True North is a choice. It is a deliberate navigation of the mind to turn toward what soothes, nurtures and quiets. I was reminded of this when I saw the magnet and realized I was turned around on my path.

No matter. Pause, reorient to the compass, and start again.

Over and over and over. A million times we lose our way from True North. And a million times we turn toward True North.

This is yoga therapy. This is the art of slowing down. This is feeling what is arising and pausing to respond with skill and compassion. This is choosing to live what we value.

Fear is sharp and loud and hard.
In the same moment exists smooth and quiet and soft.
Ever here. Ever there. Now and always.

This is Is. This immeasurable hard in our world right now is very real. And in fact, it is always here. There is death and suffering then. There is death and suffering now. There will be death and suffering again.

It is hard. It is hard hard hard.

And yet as Frank Ostaseski says in his book The Five Invitations and regularly in his teachings, there is infinite suffering. And to meet it, there is infinite compassion.

Pause. Notice.
Where do you stand right now on the wheel of awareness?

And for just one moment, just one breath, navigate to More.
Choose your True North. 

I stand with you.
We stand together.

Wishing you peace,
Rachel

Say Anything

I’m scared. I’m a bit numb. I feel flawed and out done. I see the many many yoga teachers, movement experts and mindfulness teachers who surround me and my comparative mind wanders again and again to “What do I have to contribute?”

The same piece of me watches my family and sees their impact as well. Public school teachers deeply gifted in their craft. A skilled contractor with tangible skills of mind and hand. Understood trades by the veins of our culture.

I feel the odd man out. I feel the black sheep. I feel that with my job – yoga therapist – no one knows what I do or how I do it (sometimes me included). I feel it is simply an apparition. It is not real nor of value. How do I articulate why it helps and how it can help – deeply help – in this world of hard and sharp and fast? How it is helping moment in and moment out. Now.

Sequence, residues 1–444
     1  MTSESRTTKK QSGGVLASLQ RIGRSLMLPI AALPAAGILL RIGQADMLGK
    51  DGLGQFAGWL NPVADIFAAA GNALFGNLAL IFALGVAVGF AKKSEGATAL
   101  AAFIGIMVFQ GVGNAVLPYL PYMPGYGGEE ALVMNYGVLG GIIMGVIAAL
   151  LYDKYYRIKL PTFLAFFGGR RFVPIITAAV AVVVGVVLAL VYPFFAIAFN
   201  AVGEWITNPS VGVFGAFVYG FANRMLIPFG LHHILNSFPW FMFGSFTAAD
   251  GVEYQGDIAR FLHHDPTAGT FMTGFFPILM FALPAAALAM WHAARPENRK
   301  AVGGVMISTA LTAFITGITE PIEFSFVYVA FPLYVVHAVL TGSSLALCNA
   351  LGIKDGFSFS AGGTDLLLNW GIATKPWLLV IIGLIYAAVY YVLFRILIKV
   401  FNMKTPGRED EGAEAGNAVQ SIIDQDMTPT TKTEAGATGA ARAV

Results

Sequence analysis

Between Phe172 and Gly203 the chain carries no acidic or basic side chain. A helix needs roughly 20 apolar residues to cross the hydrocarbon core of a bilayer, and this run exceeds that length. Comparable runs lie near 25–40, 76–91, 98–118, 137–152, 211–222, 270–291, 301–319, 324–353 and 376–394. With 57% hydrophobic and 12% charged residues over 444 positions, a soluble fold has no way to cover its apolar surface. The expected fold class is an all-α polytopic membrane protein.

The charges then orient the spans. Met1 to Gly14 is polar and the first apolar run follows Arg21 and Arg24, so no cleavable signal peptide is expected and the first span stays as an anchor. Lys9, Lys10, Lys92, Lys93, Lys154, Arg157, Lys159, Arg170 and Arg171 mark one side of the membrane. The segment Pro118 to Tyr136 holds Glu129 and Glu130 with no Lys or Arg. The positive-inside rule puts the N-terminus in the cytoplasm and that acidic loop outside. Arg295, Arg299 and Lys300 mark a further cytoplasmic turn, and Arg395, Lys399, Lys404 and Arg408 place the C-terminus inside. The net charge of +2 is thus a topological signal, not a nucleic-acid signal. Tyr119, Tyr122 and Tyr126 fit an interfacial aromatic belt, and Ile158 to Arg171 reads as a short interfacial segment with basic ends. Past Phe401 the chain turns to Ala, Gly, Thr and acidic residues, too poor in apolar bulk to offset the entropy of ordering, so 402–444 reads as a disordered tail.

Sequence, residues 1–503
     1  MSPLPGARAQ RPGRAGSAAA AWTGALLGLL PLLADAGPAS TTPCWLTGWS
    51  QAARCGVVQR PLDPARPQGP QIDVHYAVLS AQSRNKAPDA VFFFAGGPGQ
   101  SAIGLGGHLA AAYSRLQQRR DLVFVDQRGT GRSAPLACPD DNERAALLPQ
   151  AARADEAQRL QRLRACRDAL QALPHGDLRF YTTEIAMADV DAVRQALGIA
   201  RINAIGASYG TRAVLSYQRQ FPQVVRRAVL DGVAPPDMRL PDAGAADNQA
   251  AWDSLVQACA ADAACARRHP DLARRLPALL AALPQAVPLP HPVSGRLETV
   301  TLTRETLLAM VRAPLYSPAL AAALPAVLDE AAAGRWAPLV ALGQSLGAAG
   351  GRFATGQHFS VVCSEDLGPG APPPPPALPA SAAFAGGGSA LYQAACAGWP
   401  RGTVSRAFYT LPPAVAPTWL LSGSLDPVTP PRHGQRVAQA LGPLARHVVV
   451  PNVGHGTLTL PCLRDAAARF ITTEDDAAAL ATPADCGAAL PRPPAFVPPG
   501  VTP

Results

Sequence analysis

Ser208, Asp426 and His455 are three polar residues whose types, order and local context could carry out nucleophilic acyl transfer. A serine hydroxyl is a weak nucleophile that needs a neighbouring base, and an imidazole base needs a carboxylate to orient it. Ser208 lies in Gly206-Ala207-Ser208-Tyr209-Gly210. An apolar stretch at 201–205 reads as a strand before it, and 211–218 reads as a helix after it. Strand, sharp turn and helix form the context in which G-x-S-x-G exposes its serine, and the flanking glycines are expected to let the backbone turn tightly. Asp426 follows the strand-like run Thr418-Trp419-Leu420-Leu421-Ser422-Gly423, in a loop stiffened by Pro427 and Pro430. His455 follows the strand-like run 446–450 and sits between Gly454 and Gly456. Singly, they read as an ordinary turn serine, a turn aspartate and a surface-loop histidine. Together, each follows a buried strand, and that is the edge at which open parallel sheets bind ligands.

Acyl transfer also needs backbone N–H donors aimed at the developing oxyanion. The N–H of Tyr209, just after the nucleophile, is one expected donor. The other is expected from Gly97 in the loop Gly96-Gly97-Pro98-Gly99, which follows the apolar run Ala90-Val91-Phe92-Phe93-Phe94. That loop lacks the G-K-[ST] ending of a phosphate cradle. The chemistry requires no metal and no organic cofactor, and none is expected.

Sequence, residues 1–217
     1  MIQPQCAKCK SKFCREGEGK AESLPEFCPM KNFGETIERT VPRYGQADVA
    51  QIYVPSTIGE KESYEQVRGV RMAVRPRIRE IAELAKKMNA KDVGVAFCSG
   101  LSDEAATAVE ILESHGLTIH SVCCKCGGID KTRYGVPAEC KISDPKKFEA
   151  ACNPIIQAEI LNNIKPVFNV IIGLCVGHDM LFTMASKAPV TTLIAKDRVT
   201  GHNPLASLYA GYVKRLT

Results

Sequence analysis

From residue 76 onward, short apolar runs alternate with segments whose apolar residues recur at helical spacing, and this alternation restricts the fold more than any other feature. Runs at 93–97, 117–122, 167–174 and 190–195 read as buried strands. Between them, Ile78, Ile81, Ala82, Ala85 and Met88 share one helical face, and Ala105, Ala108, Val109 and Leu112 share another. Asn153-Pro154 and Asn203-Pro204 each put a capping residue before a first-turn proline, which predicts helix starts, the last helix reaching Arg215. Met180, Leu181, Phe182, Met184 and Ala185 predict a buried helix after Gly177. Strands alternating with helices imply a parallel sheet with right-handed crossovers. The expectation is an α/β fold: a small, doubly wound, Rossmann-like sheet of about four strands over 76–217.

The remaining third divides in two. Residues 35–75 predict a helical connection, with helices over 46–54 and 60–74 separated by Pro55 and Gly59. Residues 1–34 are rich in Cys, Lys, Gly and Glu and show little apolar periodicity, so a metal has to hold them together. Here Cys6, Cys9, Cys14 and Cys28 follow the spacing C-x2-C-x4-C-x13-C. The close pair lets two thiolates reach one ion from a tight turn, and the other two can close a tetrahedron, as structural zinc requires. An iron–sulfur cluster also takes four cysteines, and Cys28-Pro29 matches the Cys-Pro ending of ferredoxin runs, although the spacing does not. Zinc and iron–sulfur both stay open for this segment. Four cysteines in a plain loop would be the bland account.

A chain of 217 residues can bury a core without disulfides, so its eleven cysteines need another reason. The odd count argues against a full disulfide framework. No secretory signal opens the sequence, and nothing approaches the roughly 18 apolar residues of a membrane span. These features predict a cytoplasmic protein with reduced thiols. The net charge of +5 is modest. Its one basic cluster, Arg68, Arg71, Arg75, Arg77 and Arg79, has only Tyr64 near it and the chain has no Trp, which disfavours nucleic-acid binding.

Sigh.

I feel light and wispy in this moment. Like the wind could blow me around if it desired to. I know I am off. I know that my tejas – my fire – is but a whisper spark. I know this because I feel great fear and doubt in how to step forward. I don’t know how to share this thing that is nebulous and ephemeral. I don’t know how to articulate why it matters. I don’t know how to offer help to those who feel helpless. To those who feel choiceless. To those who feel groundless.

But I know what those things feel like. I remember them from before.

I remember them from now.

Stuck. Small. Tiny. Flimsy. Willow the wisp.

This feeling is uncomfortable. It is sour in my mouth and acidic in my throat. This place of not knowing how to proceed or what to do is twisty in my belly – as if I can feel the coil and wind of my intestines crushed into my abdomen.

I do not like this moment. I do not enjoy it. I do not find pleasure in it. I hate exposing myself to you in my rawness and ramblingness.

But I also know something.

I know it is okay. All of this. Is okay. I know that you feel it too in your own way. I know that I have felt it many times before. And I will feel it many times again. I know that just as the foggy morning greeted me upon early rising today – I could not see the houses surrounding me for the thick of it – this foggy settling around my thoughts and feelings will burn away too. On its time. In its way.

This feels ick. It feels yuck.
It feels like… not knowing.
It feels like… sadness.
It feels like… nature at work through the living of a life.

Yesterday at dinner time, Greg came in the front door. 4 year old Nora vaulted out of her seat and away from my incredible homemade waffles. (My value is still clear to me in the waffle making arena.) She bounded over top of John and Ruthie who were mid-game on the kitchen floor, raced across the living room, down the few stairs into our foyer and leaped into her father’s arms.

“MAKE WAY FOR THE PRESIDENT HUGGER!!!”
she bellowed as she found her stride and destination.

And she is. Nora is undoubtedly the President Hugger of our world.

Her enthusiasm is contagious. I will let it fill me and inspire me now.

I sit in my fog. Not liking it. But also loving it because I know it has something to offer me. In this moment, I don’t feel that I have any great action or skill or knowledge to offer this world. I have a great deal of pondering, reflecting and feeling. But I don’t pretend to know more than anyone else. In fact, I think I may just be the President Not-Knower of our world.

And then I remember a quote from a dear teacher I sat with on Maui last January.

“Not knowing is most intimate.”

Yes. Yes that is a truth. I feel it solid and steady in my bones. Clear and fluid in its light.

So, I will not know. I will trust it. I will love it. I will drink tea with it. I will remember that I am not alone. That I am never alone. And I will wait and see what flower grows from this rich and fertile soil of deep.

Oh, and clearly I’ll accept many hugs from Nora the President Hugger while I wander walk.

With gratitude for your presence,
Rachel

p.s. If you’d like to join me for a practice – after this super excellent sell of my skills and knowledge – please do signup for YogaFest on Saturday, March 28th in Raleigh. It would be lovely to share time together.